The Weehawken Township Council has adopted an ordinance amending a Lincoln Harbor Redevelopment Plan, deleting a proposed hotel from the “Other Lots” Redevelopment Plan and allow for redistribution of residential units as part of the final Estuary project.
The Estuary is a 589-unit residential complex in Lincoln Harbour, which is owned and has been redeveloped by Hartz Mountain Industries.
Mayor Richard Turner said that the area was better suited without another hotel.
“The Estuary, which is a three-building complex, the plan always had a fourth building,” Turner said. “They were going to do away with the fourth building and put a hotel there. I think part coronavirus, and part us lobbying them that with shared parking now, we got a lot of things going on. I don’t know if a hotel will work. So they scrapped the hotel and they’re going back for the fourth Estuary.”
Back and forth between plans
Turner said that Hartz officials have been deciding on a final plan for some time.
“They go back and forth,” he said. “The original plan was for a fourth Estuary building, then they decided a hotel, then they went back to the Estuary… Finally, we said the hotel is not going to work. You’re going to have 280 or 300 units, and you’re going to need more parking and it’s too tight because it’s all shared parking. They got plenty of parking for what they have now and plenty of parking with the fourth Estuary going in. But when you add the hotel, it gets a little tight.”
There are already other hotels on the waterfront in Weehawken, including the nearby Sheraton Lincoln Harbour Hotel, according to Turner.
“The Estuary is a very nice complex,” he said. “It’s laid out nice so we always preferred the fourth building as opposed to another hotel. We have two already on the waterfront and they are just starting to get back to normal.”
And while the hotel was removed from the redevelopment plan in favor of a fourth Estuary building, Turner, who sits on the Weehawken Planning Board, said there has not yet been final site approval for the final part of the Estuary project.
“They have to come back for final site plan review,” he said. “The redevelopment plan is all done. It was a simple amendment. We didn’t really have to do it, we just wanted to document the fact that the hotel is gone. You don’t really have to eliminate something if they don’t come in for it, but this way now they know, we know, everybody knows the hotel is gone.”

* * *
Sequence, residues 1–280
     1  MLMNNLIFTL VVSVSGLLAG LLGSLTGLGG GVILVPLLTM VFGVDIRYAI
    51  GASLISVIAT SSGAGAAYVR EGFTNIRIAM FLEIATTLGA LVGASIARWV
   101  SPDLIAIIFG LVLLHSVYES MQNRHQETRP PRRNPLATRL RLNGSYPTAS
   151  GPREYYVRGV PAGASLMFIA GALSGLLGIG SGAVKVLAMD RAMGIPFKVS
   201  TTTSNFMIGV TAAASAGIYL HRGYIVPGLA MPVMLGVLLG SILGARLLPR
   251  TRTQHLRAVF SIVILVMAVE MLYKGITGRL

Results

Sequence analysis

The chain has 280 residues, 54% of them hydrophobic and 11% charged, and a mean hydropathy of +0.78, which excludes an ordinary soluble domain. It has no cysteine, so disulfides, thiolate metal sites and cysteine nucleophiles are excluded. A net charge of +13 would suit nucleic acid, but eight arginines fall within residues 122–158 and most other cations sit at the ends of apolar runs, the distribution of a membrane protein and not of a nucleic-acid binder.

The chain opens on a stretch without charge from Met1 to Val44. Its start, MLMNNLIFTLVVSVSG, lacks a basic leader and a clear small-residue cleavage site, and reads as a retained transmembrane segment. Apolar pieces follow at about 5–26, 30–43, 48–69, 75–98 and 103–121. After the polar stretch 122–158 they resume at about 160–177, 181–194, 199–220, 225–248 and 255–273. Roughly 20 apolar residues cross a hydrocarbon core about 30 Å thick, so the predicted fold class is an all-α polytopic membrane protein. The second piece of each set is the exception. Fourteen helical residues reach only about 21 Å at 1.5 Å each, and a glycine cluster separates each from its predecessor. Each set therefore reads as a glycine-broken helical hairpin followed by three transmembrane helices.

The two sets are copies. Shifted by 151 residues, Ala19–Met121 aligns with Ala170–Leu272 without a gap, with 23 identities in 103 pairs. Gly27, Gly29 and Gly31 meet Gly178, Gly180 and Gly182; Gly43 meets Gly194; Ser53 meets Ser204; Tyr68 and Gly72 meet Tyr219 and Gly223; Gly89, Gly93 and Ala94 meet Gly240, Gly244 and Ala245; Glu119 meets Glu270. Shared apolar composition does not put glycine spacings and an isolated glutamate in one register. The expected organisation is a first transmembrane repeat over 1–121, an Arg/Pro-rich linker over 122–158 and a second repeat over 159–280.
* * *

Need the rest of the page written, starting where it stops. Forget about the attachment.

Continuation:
Proposed ferry facility expansion?
Speaking of final site plan review, Mayor Turner also talked about New York Waterway and the plans that have recently been made public regarding their intentions to upgrade the pre-existing ferry facility in the township.
The plans for the expansion include the construction of a two-story building on a new approximately 44,000 square foot pier, allowing approximately 30 ferries to berthed at the facility. Parts of the Hudson River would have to be dredged in an approximately 276,000 square foot portion of the site, making the water just 10 feet deep at high tide. The plans also show the expansion would also include the construction of a support wall that juts out nearly 700 feet into the Hudson River.
Turner said that NY Waterway has not yet submitted anything to the board for final site plan review. Meanwhile, the plans have already faced backlash from residents, leading to NY Waterway defending the proposed renovations. Turner cautioned against rallying against plans before there are before the board.
“I tried to explain this to some of the residents down there, you really are not supposed to prejudge an application. You don’t want to give anybody a legal standing to say that it was prejudged. But I can say, since we have nothing submitted yet and nothing official, over the past 30 years I’ve probably seen 300 different plans from NY Waterway. They always come up with something different in different locations and everything because we always say to them that we would prefer if the existing facility could be relocated someday.”
And while the relocation may not happen any time soon, neither will the expansion, Turner said.
“The expansion is probably never going to happen,” Turner said. “They haven’t submitted. The board members are not happy with it. The council is not happy with it. Weehawken doesn’t want to pick up the burden for the whole NY Waterway system. We already have a major terminal and we don’t get any tax revenue from it. We don’t get any tax revenue from the existing maintenance facility, so we’re definitely not happy about any expansion.”
Infrastructure money dreams
Turner called for a statewide solution utilizing some of the $1.2 trillion in federal infrastructure funds that New Jersey received.
“Now we have infrastructure funds,” he said. “It was always a lack of money right? Everything was a lack of money. Now the state has infrastructure money and it has to come up with a shared system. No one town should take all the burden. So they have to come up with a system.”
With that same money, Turner hopes that the township can further advocate for cleaner ferries.
“We are hoping that with the new infrastructure bill, and everybody trying to get ahead of carbon emissions, they’re going to use electric ferry boats,” he said. “We’ve been pushing for that for years.”
But when it comes to the proposed facility expansion, Turner said: “They’ve always floated a plan someplace along the Hudson River. This has been going on forever and there’s always a logistical problem one place or another. I doubt they’ll ever submit formal plans on this.”
For updates on this and other stories, check www.hudsonreporter.com and follow us on Twitter @hudson_reporter. Daniel Israel can be reached at firstname.lastname@example.org.